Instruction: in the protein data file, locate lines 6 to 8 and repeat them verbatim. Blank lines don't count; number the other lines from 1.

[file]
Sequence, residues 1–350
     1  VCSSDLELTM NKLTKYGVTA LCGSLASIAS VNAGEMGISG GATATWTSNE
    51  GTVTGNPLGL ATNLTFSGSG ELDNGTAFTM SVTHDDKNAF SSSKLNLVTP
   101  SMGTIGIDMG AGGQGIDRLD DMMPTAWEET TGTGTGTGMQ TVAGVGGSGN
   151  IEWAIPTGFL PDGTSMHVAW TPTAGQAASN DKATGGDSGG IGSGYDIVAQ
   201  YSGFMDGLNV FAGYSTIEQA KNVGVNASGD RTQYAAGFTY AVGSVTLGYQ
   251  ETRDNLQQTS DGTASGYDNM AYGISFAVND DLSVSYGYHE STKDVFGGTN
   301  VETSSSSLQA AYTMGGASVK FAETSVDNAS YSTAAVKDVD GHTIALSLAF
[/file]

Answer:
   201  YSGFMDGLNV FAGYSTIEQA KNVGVNASGD RTQYAAGFTY AVGSVTLGYQ
   251  ETRDNLQQTS DGTASGYDNM AYGISFAVND DLSVSYGYHE STKDVFGGTN
   301  VETSSSSLQA AYTMGGASVK FAETSVDNAS YSTAAVKDVD GHTIALSLAF